The news that Paul Scholes is to be offered a new contract by Manchester United, giving him at least another season at the club, will have come as no surprise to anyone who has seen him play since his unexpected comeback last month.

    His passing, his control, his vision have been astonishing. As has been his ability, after almost nine months away from the fray, immediately to absorb himself back into the action. His manager is right: where else could he have found instant quality like that in the January transfer window?

    Indeed, observing his performance against Liverpool on Saturday must have

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  • Redknapp heads FA’s one-man shortlist

    The FA are in trouble if Harry Redknapp turns them downEven as David Bernstein was setting out the preconditions for the next England manager — preferably English, perhaps British but certainly not another pricey continental buy-in — so his shortlist of potential candidates was shortening.

    First Martin O'Neill, then Alan Pardew ruled themselves out of contention. For reasons of national loyalty, we can assume all seven Glaswegians currently working in the Premier League would not be available. If they are worried about the language gap, if they do not want anything else — as Rio Ferdinand tweeted - "lost in translation", then Roberto Mancini might

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  • Suarez row deepens bitter divide

    Luis Suarez and Patrice Evra will come face-to-face once againThe fall-out from a few ill-spoken words continues. At Wembley, the England coach and FA chairman sit down together to discuss whether the coach is in breach of his contract. Why might he be? Because he spoke out about the sacking of his captain, something he believes should not have happened without his consent.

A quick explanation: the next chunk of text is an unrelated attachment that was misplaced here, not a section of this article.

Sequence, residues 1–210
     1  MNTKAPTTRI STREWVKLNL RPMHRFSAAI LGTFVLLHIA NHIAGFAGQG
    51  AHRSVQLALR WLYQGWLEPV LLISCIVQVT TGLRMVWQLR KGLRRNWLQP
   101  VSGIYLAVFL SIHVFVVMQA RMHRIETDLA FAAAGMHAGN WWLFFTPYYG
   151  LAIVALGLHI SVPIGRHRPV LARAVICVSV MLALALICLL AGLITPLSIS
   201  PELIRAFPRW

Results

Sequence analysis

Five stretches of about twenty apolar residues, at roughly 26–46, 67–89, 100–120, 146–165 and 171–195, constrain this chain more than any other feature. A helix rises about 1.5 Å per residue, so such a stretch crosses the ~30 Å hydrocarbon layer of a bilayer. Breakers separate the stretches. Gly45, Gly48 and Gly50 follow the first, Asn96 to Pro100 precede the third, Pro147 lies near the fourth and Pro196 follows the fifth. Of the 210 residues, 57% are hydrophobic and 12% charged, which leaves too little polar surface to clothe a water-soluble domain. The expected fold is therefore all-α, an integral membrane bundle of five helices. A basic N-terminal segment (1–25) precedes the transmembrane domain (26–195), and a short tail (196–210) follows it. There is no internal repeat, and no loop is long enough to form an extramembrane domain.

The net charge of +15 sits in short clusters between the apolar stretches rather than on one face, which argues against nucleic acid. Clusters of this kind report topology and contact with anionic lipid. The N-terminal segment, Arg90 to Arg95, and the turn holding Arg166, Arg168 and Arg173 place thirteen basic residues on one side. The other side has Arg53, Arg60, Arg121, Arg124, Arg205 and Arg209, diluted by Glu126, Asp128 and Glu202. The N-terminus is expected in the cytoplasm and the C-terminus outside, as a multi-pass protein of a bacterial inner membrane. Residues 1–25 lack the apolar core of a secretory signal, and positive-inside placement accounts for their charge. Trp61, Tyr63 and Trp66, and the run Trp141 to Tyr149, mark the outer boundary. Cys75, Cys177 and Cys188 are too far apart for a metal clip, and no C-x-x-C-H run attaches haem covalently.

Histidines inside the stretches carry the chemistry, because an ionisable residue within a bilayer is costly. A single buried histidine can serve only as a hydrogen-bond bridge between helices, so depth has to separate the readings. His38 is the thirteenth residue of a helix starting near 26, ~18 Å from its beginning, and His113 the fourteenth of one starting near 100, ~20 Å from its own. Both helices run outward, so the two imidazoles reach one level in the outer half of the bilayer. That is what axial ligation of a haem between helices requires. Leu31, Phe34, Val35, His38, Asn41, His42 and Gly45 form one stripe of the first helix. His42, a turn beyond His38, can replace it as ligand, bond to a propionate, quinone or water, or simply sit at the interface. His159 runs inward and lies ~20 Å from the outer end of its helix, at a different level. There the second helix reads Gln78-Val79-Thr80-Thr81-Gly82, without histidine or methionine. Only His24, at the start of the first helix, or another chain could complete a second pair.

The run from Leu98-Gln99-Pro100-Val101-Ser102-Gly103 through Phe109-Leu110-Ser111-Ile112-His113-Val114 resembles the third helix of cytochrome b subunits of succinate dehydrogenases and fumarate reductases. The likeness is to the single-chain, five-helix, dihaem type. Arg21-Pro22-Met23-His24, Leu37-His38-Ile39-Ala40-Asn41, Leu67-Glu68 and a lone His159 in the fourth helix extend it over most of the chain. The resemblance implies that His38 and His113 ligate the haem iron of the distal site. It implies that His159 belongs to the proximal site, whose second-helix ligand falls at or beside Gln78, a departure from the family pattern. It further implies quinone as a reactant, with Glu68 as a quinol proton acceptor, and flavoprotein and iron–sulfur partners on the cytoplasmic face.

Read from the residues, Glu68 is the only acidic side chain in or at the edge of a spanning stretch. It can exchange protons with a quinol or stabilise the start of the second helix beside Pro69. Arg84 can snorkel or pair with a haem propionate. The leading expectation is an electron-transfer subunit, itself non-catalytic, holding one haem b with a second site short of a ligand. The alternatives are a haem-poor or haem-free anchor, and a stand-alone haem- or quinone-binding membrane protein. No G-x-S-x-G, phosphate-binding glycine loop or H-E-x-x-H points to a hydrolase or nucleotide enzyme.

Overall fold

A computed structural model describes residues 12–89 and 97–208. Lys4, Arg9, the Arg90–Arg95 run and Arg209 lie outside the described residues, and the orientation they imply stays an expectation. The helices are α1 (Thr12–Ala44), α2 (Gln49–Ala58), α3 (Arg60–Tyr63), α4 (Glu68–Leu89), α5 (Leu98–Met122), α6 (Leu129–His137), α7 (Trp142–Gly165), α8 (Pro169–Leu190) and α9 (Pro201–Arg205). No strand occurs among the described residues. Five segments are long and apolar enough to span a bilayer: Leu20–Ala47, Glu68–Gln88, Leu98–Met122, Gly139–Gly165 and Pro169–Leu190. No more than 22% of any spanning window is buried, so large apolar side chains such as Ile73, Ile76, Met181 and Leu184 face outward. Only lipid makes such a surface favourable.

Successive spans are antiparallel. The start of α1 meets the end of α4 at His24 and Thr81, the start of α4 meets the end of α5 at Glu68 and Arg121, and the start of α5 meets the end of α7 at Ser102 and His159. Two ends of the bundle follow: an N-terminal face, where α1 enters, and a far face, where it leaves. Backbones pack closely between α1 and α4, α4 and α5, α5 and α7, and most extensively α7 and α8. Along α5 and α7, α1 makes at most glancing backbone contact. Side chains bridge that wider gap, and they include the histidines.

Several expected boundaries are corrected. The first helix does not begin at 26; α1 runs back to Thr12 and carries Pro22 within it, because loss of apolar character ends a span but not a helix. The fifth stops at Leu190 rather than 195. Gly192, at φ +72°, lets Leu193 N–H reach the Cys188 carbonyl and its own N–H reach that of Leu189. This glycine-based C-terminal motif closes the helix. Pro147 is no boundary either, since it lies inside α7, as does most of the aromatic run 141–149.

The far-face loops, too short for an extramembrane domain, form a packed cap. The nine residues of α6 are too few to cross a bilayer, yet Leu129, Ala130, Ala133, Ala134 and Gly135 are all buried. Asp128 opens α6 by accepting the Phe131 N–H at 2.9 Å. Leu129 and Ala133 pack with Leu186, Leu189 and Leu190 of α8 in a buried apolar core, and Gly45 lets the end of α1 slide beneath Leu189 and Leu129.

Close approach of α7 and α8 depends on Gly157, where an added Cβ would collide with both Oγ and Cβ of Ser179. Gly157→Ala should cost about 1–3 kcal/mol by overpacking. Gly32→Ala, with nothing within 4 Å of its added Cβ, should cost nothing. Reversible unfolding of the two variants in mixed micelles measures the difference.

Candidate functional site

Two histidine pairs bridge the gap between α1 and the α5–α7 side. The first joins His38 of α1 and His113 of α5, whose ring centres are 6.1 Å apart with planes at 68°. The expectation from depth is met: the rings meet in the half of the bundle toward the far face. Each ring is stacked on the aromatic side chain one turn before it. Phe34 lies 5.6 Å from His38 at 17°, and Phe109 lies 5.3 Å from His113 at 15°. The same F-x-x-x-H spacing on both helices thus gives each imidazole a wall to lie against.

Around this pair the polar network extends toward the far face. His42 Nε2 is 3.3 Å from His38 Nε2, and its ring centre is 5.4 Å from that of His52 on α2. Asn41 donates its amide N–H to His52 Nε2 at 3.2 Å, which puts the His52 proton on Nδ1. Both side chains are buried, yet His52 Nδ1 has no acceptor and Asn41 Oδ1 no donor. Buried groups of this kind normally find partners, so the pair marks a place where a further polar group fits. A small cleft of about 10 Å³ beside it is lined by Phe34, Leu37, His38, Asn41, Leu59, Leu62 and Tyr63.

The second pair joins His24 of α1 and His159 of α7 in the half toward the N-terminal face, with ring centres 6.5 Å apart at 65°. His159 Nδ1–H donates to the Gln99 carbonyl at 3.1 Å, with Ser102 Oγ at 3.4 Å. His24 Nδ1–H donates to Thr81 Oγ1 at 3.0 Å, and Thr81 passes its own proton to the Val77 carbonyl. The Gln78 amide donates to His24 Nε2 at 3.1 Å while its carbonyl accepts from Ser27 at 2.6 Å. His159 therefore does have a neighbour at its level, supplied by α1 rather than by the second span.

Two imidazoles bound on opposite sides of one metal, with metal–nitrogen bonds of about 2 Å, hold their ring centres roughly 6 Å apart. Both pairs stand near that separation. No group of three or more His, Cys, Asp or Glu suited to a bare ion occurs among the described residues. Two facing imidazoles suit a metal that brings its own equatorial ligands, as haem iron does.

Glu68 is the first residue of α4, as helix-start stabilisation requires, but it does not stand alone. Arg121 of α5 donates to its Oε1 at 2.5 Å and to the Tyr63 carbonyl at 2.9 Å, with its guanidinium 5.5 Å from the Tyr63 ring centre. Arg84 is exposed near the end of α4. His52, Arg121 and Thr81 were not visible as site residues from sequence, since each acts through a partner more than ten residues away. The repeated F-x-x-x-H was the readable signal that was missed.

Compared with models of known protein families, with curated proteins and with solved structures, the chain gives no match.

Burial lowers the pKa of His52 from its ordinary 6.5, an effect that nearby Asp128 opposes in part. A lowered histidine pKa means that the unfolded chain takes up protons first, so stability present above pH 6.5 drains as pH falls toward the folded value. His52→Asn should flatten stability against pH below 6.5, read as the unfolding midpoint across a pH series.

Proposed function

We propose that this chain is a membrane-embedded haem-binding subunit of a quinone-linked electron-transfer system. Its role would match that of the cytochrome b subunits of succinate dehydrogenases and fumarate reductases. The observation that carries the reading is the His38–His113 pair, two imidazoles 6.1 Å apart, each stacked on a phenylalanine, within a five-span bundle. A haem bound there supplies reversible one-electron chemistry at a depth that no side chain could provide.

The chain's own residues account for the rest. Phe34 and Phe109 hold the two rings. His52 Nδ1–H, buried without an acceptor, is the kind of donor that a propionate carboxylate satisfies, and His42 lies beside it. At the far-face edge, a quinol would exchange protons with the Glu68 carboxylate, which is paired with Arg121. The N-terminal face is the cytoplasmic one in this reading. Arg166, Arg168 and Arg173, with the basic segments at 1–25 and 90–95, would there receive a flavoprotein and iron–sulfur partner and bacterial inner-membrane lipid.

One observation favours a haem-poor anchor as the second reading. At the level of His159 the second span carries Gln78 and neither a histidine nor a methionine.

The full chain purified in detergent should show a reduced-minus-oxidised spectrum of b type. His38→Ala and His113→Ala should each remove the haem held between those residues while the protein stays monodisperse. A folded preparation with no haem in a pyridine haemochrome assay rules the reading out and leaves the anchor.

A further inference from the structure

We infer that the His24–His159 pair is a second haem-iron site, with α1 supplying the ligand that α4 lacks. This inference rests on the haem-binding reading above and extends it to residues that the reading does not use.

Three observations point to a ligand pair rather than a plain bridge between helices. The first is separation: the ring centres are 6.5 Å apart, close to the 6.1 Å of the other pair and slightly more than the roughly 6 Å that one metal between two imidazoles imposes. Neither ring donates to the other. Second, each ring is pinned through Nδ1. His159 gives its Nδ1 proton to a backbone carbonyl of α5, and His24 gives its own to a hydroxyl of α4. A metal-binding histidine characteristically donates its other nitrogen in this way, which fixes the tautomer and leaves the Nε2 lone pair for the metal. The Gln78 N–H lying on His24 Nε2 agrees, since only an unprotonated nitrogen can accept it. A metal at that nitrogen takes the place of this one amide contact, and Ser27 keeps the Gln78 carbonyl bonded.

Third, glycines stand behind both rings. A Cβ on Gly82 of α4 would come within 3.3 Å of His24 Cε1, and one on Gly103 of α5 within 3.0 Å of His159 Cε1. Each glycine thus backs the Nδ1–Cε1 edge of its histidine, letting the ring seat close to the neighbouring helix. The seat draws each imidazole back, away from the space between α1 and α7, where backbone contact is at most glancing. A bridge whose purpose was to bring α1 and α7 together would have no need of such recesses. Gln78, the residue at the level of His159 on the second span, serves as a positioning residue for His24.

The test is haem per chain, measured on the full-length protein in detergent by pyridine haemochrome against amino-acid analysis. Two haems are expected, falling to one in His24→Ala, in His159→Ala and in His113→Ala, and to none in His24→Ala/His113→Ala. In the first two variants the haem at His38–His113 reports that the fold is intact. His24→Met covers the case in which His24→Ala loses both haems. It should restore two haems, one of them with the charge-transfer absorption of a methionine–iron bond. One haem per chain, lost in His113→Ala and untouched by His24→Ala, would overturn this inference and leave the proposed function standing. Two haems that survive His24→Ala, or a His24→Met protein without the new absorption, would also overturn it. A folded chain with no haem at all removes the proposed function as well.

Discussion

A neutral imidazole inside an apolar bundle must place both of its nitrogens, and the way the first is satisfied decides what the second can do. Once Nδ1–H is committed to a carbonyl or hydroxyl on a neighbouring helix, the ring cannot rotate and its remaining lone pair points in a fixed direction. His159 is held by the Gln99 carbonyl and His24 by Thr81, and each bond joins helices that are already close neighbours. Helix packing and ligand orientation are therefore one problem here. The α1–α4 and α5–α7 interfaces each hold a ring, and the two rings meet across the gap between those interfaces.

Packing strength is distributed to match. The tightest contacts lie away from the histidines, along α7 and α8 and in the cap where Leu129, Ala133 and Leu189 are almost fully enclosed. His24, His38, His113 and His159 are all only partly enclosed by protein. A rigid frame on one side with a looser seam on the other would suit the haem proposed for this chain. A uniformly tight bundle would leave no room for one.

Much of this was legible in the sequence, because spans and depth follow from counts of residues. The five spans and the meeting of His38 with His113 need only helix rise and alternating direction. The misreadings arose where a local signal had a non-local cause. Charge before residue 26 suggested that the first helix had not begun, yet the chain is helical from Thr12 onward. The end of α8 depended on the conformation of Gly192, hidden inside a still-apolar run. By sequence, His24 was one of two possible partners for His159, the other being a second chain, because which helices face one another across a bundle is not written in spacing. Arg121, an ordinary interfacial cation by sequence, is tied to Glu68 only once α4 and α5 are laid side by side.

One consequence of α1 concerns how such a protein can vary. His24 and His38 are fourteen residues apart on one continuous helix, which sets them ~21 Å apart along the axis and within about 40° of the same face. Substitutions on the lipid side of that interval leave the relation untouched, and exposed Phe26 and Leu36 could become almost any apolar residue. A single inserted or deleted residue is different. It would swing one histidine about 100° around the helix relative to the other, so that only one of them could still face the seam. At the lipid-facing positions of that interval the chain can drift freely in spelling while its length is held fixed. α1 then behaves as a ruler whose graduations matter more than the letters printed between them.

And why did the blazers strip his captain of the armband? Well, let's not go there. That is legal territory through which you require the razor-sharp brain of a Joey Barton to tread.

    Meanwhile, in Manchester, the locals are preparing themselves to offer a warm welcome to a visitor

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  • Terry for Euro 2012? Capello must decide

    John Terry and Fabio Capello (PA Photos)

    It is not something we often can do, but hey, let's praise the FA. We should applaud Lord Bernstein and the game's governing body for its swift and decisive action in removing the England captaincy from John Terry pending his trial.

    It was clearly the right thing to do. Hammersmith's aptly named District Judge Howard Riddle had thrown them not so much a puzzle as a mystery wrapped in an enigma. By postponing John Terry's trial until after the European Championship, the judge returned the issue of the player's continuing role as England captain back to the football authorities.

    There they were

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  • Blame Torres for quiet January

    Fernando Torres rues another missed chance

    The bloke who chained himself to the goalposts at Everton is something of a serial protester.

    On Tuesday at Goodison, he unleashed his latest protest about Ryanair's employment policy. Seemingly they charge you extra just to work there.

    Maybe next time he decides to handcuff himself on a football pitch he might do so on behalf of a really important cause: those of us who tuned in to Sky Sports News yesterday hoping for some, well, news. As damp squibs go, the final day of the January transfer window was completely water-logged. We, the viewers, demand something a little bit more dramatic in